Although the city itself has a population of only around 45,000, the City of Winchester district covers a wider area and is home to more than 116,000 people. That means there’s a good choice of schools here to serve your kids’ educational needs.

If you have primary-age kids, Micheldever CE Primary recently topped Ofsted’s lists of the best performing local schools for reading and writing. In a recent survey conducted by the inspectorate, the vast majority of parents said they felt their kids were safe, happy and well cared for. Alternatively, you may want to consider Scantabount Primary, which inspectors felt had an extremely positive relationship between adults and children, contributing to the school having the highest percentage of all Winchester primaries of children meeting the expected academic standards.

For older children, the Henry Beaufort School offers secondary education that’s been rated either “good” or “outstanding” by Ofsted at all its recent inspections. The body’s most recent report praised the school for the enthusiasm and ambition of its teachers, as well as a strong sense of mutual respect between pupils and staff.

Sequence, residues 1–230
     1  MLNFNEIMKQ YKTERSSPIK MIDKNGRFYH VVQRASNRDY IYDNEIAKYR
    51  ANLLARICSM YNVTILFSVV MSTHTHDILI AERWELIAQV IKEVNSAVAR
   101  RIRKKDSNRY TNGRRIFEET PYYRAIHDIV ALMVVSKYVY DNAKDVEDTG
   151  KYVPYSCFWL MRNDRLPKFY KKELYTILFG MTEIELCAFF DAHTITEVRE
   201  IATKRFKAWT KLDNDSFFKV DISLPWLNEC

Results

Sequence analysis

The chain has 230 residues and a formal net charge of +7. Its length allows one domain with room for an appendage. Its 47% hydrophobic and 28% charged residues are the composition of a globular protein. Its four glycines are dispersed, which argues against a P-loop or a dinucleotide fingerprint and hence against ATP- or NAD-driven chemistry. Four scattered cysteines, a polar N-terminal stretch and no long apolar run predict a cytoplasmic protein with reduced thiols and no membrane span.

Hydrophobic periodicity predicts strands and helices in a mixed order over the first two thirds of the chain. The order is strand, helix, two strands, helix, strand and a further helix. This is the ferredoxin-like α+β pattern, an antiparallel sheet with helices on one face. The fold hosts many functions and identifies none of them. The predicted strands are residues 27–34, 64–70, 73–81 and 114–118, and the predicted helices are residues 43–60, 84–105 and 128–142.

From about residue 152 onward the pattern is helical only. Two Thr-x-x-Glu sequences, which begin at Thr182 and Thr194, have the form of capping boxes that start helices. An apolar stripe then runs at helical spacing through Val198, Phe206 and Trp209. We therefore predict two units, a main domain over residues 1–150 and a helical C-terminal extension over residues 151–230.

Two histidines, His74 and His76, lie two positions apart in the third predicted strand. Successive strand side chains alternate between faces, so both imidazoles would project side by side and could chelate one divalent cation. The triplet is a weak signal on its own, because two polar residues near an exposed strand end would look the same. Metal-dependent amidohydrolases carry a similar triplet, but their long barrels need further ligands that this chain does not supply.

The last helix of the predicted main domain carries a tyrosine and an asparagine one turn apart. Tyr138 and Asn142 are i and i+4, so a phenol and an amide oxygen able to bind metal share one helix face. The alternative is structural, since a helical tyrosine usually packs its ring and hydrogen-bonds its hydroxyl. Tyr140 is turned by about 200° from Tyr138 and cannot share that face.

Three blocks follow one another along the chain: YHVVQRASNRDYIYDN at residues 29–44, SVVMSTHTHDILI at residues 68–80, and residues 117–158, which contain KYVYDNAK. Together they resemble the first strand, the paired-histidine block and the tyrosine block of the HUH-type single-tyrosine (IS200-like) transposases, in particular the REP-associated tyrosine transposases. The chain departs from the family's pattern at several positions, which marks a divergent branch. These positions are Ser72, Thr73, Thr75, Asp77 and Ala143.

Another option might be The Westgate School on the Cheriton Road. This was also rated “good” last time around, with Ofsted noting the head teacher’s outstanding leadership and the school’s good integration with the primary on the same site.

Winchester state schools generally don’t have sixth forms, but there are several colleges in the area offering further education to A Level standard, or vocational qualifications. These include Peter Symonds College, which achieved the highest “outstanding” rating from Ofsted in every category assessed, a rare achievement.

Another eye-catching performer is the renowned Winchester College public school, with over 90% of pupils receiving the highest GCSE grades.

The University of Winchester offers a range of higher education courses, with a focus on arts subjects. Although only a university in its own right since the early 21st century, it can trace its roots as a college back over 150 years. The university’s sports facilities have recently been upgraded and now include a world-class running track.

Leisure and Retail Options in Winchester

There’s no need to worry about being bored after moving to Winchester. It may not be the largest city in southern England, but this is a place that knows how to keep its inhabitants occupied with plenty to see and do.